Growing an new garden from an old one
In 2019 I was facing saying goodbye to a place I dearly loved - the mill house that had been my family home for 40 years. It was almost derelict when I moved there as a small child - I found an old diary of my mothers in which she described coming downstairs one morning to find the ceiling had fallen in. It was a huge amount of work and the whole house and garden was in desperate need of TLC.
Transformation of the mill and garden over the years
The garden was beautiful in a wild kind of way but didn't contain much in the way of plants - lots of long grass and weeds, rambling roses and trees, but my parents were both keen gardeners and over many years the neglected space - featuring a mill pond and streams - grew into a garden the whole family cherished and enjoyed.
In 2019 I faced having to say goodbye to the place. My mother was ill and we had to sell the house to pay for her care. For so many years it had been a sanctuary, a retreat, and I knew every nook and cranny of that place intimately. I simply couldn't imagine it not being mine any more, never being able to come here again.
So I set about drawing flowers that came and went that last summer to keep hold of something of the place I loved. I would go there and spend days clearing and sorting through years of family things in the house, and often leave with a bunch of flowers which I would bring home and draw in my studio. I had a sketchbook in which some of the garden was recorded in drawings.
On top of this though, I also took seeds and cuttings. Having been a keen gardener - I worked as a garden designer and gardener in London for many years - I soon realised I was not so accomplished in horticulture. Growing from seed and taking cuttings was not something I knew how to do. I soon realised that you took a cutting of plant in a very different way to that of another plant. There was a lovely Daphne in the garden that my brother and I had both attempted to take cuttings of and failed. Then an antiques specialist came to give a valuation of some of the things in the house and also told me how to take Daphne cuttings. It was much more successful, however sadly, having lasted a couple of years, the final cutting passed away.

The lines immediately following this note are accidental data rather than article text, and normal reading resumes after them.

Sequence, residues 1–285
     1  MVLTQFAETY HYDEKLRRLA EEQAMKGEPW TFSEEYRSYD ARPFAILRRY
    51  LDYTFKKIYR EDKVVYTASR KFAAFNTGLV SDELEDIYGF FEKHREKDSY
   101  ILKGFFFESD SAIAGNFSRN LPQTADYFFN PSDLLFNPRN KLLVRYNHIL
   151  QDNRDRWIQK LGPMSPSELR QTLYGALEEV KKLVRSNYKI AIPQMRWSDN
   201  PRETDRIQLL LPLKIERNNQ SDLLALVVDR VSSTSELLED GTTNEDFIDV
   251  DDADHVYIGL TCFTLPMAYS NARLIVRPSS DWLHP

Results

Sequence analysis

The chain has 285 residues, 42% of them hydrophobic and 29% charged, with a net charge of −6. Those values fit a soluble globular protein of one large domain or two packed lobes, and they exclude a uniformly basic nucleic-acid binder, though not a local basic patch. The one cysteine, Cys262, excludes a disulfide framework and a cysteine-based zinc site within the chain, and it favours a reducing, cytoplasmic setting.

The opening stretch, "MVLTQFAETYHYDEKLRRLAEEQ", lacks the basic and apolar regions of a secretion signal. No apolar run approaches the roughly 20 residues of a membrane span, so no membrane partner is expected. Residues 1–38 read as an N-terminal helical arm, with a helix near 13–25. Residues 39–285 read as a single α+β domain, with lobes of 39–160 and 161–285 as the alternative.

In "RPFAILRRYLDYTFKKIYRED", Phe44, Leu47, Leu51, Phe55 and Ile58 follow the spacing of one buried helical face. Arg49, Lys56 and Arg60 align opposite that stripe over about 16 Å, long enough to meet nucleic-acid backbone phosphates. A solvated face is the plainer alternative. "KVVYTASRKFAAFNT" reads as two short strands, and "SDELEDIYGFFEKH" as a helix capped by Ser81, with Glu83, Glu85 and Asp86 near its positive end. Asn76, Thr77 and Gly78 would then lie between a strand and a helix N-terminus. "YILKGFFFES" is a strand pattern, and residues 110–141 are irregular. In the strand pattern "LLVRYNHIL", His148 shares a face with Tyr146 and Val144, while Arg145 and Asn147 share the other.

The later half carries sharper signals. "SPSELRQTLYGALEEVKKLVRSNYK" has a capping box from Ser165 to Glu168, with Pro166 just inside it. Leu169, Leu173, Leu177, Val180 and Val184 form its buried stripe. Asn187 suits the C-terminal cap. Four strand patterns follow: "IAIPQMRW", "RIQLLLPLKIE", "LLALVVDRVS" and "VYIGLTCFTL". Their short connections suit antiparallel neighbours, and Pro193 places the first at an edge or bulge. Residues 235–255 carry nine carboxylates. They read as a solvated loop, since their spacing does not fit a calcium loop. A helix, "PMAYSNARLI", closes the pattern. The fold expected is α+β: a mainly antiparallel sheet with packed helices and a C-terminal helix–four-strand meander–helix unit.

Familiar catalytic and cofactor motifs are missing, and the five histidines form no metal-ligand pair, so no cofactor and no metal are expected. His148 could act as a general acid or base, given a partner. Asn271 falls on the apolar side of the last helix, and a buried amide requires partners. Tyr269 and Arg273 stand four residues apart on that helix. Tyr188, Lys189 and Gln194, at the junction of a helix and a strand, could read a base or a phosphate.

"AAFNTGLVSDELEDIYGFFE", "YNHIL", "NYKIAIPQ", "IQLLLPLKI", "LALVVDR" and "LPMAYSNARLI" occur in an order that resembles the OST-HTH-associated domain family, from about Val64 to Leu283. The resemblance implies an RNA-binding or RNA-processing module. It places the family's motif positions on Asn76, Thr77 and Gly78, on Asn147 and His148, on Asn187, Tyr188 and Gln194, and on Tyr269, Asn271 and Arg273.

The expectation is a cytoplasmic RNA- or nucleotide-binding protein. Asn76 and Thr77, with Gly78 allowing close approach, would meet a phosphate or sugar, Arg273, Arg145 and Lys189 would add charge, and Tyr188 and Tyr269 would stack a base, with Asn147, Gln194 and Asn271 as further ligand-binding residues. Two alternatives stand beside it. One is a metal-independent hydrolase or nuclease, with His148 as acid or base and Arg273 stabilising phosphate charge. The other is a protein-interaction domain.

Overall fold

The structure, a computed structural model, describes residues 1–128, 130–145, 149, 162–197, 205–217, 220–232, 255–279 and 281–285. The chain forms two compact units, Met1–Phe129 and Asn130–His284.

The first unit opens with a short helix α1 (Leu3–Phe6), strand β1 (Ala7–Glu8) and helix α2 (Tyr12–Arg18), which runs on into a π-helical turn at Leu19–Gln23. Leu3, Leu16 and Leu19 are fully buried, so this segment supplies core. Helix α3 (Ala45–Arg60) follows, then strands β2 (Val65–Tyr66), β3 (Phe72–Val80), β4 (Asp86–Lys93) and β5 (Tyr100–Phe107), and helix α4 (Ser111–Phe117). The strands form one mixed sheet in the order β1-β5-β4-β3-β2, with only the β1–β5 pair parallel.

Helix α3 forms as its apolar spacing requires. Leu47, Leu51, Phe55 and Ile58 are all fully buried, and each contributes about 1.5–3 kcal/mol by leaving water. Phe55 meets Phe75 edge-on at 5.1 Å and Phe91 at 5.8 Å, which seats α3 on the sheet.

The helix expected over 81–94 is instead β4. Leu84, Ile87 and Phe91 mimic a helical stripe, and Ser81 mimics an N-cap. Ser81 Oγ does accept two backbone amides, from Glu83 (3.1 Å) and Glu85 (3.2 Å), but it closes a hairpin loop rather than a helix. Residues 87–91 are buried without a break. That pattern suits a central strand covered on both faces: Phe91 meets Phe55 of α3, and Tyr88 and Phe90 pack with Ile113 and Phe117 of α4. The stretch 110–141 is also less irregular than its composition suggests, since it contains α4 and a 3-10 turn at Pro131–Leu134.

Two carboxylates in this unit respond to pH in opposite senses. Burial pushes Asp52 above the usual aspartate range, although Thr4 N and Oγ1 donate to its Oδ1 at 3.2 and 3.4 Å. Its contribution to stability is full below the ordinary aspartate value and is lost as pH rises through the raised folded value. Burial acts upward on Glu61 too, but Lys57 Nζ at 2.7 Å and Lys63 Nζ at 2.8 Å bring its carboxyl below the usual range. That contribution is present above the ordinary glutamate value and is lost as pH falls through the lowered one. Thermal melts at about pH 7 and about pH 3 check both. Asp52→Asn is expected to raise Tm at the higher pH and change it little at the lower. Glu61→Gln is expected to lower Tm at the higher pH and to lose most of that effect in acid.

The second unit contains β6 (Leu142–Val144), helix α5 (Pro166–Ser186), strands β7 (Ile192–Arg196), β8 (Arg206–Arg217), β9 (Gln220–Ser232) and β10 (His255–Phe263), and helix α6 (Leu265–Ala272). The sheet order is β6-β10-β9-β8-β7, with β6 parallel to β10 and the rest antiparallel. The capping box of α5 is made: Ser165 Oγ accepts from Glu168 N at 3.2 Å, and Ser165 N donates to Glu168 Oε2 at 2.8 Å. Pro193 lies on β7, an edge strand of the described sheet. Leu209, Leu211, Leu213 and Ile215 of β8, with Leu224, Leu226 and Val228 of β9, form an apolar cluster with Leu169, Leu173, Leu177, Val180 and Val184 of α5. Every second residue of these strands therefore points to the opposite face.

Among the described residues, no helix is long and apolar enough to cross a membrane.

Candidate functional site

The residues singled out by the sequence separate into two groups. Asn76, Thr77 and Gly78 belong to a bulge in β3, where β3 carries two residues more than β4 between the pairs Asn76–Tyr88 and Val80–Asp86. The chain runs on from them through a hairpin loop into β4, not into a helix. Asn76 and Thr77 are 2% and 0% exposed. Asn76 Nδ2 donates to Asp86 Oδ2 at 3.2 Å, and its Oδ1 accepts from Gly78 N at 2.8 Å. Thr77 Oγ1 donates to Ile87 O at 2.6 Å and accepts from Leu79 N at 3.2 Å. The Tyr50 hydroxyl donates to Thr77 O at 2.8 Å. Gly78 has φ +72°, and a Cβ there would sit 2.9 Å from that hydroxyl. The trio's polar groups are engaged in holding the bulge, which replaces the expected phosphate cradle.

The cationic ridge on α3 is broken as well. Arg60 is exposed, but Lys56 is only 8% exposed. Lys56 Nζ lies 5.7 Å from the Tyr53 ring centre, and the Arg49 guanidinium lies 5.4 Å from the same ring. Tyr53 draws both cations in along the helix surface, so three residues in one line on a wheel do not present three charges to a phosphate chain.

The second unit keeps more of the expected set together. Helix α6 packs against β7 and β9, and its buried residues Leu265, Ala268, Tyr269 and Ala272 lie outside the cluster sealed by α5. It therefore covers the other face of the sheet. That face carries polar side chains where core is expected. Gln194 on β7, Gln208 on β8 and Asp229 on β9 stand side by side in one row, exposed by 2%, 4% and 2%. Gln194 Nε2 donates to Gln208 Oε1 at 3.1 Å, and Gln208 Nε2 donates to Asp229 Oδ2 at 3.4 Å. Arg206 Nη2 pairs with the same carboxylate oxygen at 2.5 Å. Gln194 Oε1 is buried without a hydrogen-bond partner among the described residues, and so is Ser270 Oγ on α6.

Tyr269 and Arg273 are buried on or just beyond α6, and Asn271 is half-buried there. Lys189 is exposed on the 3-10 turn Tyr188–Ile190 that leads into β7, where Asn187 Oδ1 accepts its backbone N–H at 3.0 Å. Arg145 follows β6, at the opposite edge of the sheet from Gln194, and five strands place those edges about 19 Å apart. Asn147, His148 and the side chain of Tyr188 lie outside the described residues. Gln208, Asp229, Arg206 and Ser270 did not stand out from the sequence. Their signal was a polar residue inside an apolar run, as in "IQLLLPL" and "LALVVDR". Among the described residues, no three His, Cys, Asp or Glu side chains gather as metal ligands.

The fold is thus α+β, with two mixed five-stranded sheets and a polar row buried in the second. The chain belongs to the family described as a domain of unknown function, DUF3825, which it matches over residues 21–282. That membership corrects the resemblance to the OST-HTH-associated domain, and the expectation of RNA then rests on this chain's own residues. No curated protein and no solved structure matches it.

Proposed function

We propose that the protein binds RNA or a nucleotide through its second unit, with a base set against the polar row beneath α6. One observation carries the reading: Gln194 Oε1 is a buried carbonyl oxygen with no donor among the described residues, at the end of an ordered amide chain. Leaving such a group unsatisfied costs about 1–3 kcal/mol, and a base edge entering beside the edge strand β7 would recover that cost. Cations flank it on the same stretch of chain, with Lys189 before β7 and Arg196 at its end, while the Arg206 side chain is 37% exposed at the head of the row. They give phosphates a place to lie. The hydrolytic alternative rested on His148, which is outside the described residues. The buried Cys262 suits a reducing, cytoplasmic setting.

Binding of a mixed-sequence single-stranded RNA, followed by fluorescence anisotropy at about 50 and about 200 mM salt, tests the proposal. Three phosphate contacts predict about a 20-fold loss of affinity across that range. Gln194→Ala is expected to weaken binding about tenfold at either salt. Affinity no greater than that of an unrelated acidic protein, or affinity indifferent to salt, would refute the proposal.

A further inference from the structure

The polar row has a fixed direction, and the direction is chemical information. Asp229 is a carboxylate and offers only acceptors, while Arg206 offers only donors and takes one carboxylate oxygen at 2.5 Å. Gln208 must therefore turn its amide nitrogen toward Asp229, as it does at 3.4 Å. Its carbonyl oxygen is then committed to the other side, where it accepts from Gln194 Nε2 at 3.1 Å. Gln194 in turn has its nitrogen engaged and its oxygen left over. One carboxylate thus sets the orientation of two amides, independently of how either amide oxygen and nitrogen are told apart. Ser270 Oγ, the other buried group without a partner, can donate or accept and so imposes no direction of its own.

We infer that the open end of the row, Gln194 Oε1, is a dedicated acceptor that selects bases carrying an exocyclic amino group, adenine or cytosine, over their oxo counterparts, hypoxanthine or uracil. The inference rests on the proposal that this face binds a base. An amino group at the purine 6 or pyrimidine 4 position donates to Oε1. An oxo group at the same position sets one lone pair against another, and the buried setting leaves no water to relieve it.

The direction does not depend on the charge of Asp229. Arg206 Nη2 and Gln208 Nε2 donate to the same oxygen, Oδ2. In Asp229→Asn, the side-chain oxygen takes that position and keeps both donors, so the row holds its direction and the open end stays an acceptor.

I'm pleased to say, though, that while I still miss that garden terribly, I am constantly comforted by the plants I brought to my new garden from the old one. Every season brings new delights as I see familiar flowers that remind me of a much loved place, and also of the people who lived there who are no longer with us. The hellebores in winter, mums white Camellia in spring. I am currently watching with happy anticipation as an Iris - which I took a cutting of in 2019 - has tall stems and buds ready to burst into flower for the first time. I have realised that quite by accident, it is growing alongside the Campanula and Phlox plants I grew from seed, as well as a Peony and Lilac grown from cuttings - all of which are due to flower for the first time in my garden very soon.
Just in this one little corner of my garden, here are some of the plants I've grown from seeds and cuttings from my old family home. I can't wait to see them flower here.
It really has been a wonderful way to keep hold of a special place and keep memories alive - not only of the place itself but of the people I loved who lived there.
The products I now sell as part of my business are, to me, an extension of that place - another way of keeping the flowers and plants of that garden alive, just like those I have grown from seeds and cuttings.